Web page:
Vegetables Oils

List of Vegetables Oils
Acai Oil
Almond Oil
Amaranth Oil
Apricot Oil
Argan Oil
Artichoke Oil
Avocado Oil
Babassu Oil
Ben Oil
Blackcurrant Seed Oil
Borage Seed Oil
Bottle Gourd Oil
Buffalo Gourd Oil
Canola Oil
Carob Pod Oil
Carob Seed Pods
Cashew Oil
Coconut Oil
Cohune Oil
Coriander Seed Oil
Corn Oil
Cottonseed Oil
Evening Primrose Oil
Flax Seed Oil
Grape Seed Oil
Hazelnut Oil
Hemp Oil
Kapok Seed Oil
Lallemantia Oil
Macadamia Oil
Meadowfoam Seed Oil
Mustard Oil
Okra Seed Oil
Olive Oil
Palm Oil
Peanut Oil
Pecan Oil
Pequi Oil
Perilla Seed Oil
Pine Nut Oil
Pistachio Oil
Poppyseed Oil
Prune Kernel Oil
Pumpkin Seed Oil
Quinoa Oil
Ramtil Oil
Rice Bran Oil
Safflower Oil
Sesame Oil
Soybean Oil
Sunflower Oil
Tea Oil
Thistle Oil
Walnut Oil
Watermelon Seed Oil
Wheat Germ Oil

There are three methods for extracting vegetable oils from plants. The relevant part of the vegetable oils plant may be placed under pressure to "extract" the oil, giving an expressed oil. Oils may also be extracted from plants by dissolving parts of plants in water or another solvent. The solution may be separated from the plant material and concentrated, giving an extracted or leached oil. The vegetable oils mixture may also be separated by distilling the oil away from the plant material. Vegetable Oils extracted by this latter method are called essential oils. Essential oils often have different properties and uses than pressed or leached vegetable oils. Macerated oils are made by infusing parts of plants in a base oil a process known as maceration.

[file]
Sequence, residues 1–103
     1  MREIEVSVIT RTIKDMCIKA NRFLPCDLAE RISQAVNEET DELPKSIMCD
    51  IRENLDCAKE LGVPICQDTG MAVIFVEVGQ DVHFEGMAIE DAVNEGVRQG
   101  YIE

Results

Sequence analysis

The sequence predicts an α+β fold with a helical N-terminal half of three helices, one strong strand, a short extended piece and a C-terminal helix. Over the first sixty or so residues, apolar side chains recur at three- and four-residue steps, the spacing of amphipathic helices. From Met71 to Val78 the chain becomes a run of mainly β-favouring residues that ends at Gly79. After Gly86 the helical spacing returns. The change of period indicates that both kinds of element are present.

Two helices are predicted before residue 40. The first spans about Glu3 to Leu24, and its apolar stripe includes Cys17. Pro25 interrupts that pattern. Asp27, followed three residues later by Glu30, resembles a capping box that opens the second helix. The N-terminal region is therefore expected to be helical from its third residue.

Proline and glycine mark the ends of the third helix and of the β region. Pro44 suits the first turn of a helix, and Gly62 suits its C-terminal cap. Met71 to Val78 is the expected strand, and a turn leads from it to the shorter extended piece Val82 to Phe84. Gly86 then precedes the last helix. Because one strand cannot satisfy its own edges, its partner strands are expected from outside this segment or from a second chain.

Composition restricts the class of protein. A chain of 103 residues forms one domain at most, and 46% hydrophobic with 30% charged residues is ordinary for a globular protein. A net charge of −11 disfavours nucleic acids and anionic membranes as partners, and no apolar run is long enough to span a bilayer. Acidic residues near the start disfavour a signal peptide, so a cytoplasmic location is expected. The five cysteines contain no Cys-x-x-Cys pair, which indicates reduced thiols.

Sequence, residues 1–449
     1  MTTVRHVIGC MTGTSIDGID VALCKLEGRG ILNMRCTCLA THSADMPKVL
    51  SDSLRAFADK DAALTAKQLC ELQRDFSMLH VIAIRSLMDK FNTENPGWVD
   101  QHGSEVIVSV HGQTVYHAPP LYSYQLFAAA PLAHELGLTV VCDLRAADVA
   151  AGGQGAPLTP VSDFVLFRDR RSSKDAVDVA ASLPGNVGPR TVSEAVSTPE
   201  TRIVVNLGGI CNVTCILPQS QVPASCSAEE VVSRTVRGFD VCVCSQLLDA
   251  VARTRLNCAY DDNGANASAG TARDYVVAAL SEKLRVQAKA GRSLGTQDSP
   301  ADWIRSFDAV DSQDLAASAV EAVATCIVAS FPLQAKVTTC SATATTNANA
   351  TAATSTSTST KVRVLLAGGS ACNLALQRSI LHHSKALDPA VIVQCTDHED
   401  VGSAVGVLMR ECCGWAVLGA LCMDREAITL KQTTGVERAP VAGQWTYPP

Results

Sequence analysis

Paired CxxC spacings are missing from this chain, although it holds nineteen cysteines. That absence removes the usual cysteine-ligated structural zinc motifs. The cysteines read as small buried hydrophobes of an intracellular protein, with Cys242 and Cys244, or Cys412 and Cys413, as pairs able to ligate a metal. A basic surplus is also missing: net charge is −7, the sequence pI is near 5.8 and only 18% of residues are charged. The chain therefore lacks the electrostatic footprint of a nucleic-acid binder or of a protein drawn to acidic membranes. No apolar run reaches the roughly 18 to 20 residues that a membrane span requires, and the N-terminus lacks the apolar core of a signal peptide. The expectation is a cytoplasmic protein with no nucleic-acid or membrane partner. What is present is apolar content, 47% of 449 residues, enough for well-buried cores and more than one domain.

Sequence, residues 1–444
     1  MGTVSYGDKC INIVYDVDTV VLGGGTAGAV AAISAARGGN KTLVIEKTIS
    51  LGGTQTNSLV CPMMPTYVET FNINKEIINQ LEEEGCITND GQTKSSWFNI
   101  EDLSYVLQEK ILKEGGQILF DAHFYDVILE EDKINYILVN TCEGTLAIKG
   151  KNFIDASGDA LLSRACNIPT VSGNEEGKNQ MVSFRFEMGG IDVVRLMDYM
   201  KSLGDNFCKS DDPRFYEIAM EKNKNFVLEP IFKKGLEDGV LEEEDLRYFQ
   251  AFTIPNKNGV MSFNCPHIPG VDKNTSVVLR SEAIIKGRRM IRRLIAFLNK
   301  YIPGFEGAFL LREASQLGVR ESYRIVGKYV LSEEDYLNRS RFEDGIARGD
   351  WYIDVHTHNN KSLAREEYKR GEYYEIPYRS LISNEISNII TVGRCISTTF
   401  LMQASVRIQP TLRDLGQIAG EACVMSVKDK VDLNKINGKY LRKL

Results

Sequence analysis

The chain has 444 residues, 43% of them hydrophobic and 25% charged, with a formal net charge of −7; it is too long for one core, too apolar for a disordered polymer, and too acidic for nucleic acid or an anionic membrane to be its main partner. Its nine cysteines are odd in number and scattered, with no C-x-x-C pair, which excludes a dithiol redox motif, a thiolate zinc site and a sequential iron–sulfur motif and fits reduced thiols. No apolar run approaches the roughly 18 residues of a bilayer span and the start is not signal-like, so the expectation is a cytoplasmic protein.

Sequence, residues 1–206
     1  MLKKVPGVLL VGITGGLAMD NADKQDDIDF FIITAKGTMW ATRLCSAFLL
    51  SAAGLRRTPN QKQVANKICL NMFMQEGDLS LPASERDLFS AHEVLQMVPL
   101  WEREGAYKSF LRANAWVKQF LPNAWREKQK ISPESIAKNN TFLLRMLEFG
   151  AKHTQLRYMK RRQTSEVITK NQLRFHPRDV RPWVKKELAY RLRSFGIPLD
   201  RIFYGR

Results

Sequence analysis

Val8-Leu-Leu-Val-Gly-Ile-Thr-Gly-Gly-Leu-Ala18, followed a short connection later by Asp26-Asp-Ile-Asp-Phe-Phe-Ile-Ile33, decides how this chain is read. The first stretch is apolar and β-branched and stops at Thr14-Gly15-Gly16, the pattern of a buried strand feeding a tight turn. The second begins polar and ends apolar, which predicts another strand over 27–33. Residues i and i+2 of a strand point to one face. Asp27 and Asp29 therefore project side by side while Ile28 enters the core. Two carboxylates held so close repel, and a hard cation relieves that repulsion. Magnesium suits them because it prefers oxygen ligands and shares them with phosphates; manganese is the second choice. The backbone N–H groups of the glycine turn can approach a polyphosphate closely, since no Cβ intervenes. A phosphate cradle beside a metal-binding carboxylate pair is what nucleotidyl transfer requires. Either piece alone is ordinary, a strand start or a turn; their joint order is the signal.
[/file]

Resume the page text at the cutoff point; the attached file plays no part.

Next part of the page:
Although most plants contain some oil, only the oil from certain major oil crops complemented by a few dozen minor oil crops is widely used and traded. These vegetable oils are one of several types of plant oils.
Vegetable oils can be classified in several ways, for example:
By source: most, but not all vegetable oils are extracted from the fruits or seeds of plants, and the Vegetable oils may be classified by grouping oils from similar plants, such as "nut oils".
By use: vegetable oils from plants are used in cooking, for fuel, for cosmetics, for medical purposes, and for other industrial purposes.